Ontario’s auto insurance regulator has used the phrase “systemic non-compliance” to describe how the province’s 12 largest auto insurance companies are approaching Ontario’s take-all-comers requirement.
According to a Financial Services Regulatory Authority of Ontario (FSRA) report, released Friday, market behaviour in the province’s auto insurance industry has led to several negative impacts on consumers:
higher premium costs for consumers viewed as higher risk
unfavourable discretion, whereby insures used unfiled underwriting rules to suspend an intermediary’s binding authority
unfair competition, as riskier customers were steered to other insurers
Ontario’s take-all-comers requirement was described as a cornerstone principle to ensure consumers get the lowest available rate, FSRA CEO Mark White said when FSRA’s report was released.
“It is very hard for consumers, and it’s even hard for a regulator, to identify when insurance quotes for qualifying customers are withheld or delayed,” White said. “Our eventual success in rooting out this non-compliance required perseverance and the use of governance, controls and processes within the insurance companies themselves to self-identify and remediate these consumer harms.”
FSRA’s report identified “practices that made it more difficult for certain types of consumers to get auto insurance quotes.” These included Ontario customers who:
experienced prior accident benefit claims, including passengers and pedestrians who weren’t at fault
didn’t also buy property policies, such as homeowners’ insurance
lived in certain municipalities
had less than one year of insured driver history.
As part of a multi-year, fact-finding process that led to the report, the regulator said it met with CEOs and management teams from the largest 12 auto insurers in the province as part of a compliance review process. In some cases, executives indicated they weren’t aware of non-compliant business practices at their companies.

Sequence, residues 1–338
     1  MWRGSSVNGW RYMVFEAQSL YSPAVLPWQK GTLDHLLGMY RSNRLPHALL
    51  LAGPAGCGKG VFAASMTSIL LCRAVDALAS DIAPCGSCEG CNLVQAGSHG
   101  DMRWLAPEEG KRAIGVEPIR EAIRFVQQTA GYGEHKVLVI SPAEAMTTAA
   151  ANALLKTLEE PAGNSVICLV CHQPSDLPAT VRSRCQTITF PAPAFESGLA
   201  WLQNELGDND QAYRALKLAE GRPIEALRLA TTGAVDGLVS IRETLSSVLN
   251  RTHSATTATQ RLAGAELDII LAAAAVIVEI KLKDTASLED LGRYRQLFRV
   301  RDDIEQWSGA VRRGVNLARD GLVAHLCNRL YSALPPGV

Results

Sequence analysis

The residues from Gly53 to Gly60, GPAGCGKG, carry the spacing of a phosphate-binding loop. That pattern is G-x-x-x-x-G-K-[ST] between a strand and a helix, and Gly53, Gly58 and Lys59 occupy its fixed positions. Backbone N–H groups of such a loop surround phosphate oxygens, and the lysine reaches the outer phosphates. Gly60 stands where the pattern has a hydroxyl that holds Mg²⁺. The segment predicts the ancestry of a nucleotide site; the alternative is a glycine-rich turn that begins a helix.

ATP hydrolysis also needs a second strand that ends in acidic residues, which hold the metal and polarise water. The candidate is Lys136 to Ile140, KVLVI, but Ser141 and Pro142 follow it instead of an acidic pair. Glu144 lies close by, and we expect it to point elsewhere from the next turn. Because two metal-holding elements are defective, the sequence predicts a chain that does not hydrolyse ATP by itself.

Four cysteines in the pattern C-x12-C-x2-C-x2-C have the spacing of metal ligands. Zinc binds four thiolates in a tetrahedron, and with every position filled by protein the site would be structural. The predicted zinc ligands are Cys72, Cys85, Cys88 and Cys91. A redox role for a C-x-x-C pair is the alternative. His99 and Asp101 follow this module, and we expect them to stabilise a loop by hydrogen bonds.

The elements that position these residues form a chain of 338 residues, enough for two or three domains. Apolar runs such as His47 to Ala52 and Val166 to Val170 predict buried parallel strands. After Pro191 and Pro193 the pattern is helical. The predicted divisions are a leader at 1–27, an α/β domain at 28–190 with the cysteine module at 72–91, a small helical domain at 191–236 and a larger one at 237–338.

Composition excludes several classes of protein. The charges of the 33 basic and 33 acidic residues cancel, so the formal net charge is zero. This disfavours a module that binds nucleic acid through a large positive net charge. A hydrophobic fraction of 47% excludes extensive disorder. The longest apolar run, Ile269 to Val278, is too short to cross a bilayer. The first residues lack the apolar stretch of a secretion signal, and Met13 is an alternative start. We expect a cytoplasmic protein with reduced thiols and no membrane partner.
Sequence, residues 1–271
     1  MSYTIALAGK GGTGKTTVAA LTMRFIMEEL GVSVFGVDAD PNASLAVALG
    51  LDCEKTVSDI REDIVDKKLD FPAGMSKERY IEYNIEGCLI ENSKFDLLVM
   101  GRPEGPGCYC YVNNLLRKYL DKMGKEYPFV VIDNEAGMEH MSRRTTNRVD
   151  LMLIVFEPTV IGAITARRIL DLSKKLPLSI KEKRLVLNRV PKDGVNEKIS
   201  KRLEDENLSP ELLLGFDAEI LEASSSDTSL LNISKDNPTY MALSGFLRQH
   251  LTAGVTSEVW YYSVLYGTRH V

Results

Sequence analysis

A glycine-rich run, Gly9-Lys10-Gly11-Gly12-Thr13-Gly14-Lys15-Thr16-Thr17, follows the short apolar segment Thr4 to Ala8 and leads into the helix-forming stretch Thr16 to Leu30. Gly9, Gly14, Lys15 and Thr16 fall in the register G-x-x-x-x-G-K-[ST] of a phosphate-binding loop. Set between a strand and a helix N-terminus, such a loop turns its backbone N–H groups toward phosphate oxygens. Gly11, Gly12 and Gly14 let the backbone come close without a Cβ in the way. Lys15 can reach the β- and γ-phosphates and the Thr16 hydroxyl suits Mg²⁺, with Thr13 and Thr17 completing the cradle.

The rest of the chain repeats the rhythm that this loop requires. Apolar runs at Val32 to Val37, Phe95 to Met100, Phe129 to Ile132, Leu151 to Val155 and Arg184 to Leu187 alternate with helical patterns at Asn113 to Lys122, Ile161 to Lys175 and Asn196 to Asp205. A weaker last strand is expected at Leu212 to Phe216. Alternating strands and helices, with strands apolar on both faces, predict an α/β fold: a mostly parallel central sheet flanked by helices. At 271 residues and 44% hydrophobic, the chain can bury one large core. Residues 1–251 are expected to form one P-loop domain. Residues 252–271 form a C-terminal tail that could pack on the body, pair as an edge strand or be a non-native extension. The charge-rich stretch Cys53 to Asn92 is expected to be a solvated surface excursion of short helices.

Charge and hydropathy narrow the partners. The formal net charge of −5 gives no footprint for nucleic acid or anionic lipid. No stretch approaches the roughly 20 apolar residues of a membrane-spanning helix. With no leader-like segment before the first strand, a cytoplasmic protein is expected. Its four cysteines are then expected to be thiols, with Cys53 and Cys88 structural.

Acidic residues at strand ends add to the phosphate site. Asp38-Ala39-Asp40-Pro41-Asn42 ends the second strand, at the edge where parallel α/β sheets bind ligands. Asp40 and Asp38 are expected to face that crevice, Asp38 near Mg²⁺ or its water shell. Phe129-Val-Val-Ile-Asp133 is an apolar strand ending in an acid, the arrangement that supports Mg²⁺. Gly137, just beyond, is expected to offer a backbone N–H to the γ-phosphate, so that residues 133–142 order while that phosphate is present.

“There were also instances of insurers having an incorrect interpretation of how the take-all-comers requirement applied in certain circumstances,” FSRA’s report said. “For example, some insurers incorrectly interpreted the use of aggregators as lead generation (marketing) rather than quoting activity.”
The report noted the growing popularity of online auto insurance rate aggregators has been problematic. Consumers have come to view them as convenient tools to compare quotes. But these intermediaries aren’t regulated and can work against take-all-comers rules by filtering out clients that insurers might view as less desirable.
“While aggregators may give consumers the impression that they are able to do a side-by-side comparison of different insurance plans and hopefully have cost savings,” FSRA’s report said, “these sites also play a role in take-all-comers by allowing insurers to deny consumers coverage based on unfiled underwriting rules.”
Going forward, FSRA said compliance reviews will lead to actions ranging from education and remediation, in instances where non-compliance with take-all-comers was inadvertent, to regulatory intervention. Those interventions could include compliance orders, license revocations, monetary penalties, and provincial offence charges.
The regulator also said it will “include elements of take-all-comers supervision in all future auto insurers conduct examinations” for all auto insurers in the province, and conduct ‘secret shopper’ exercises.
FSRA also will be “assessing the relationship aggregators have with insurers and brokers, in consultation with other jurisdictions, to determine what supervisory framework would be best suited for aggregators.”
Feature image by iStock.com/Thanakorn Lappattaranan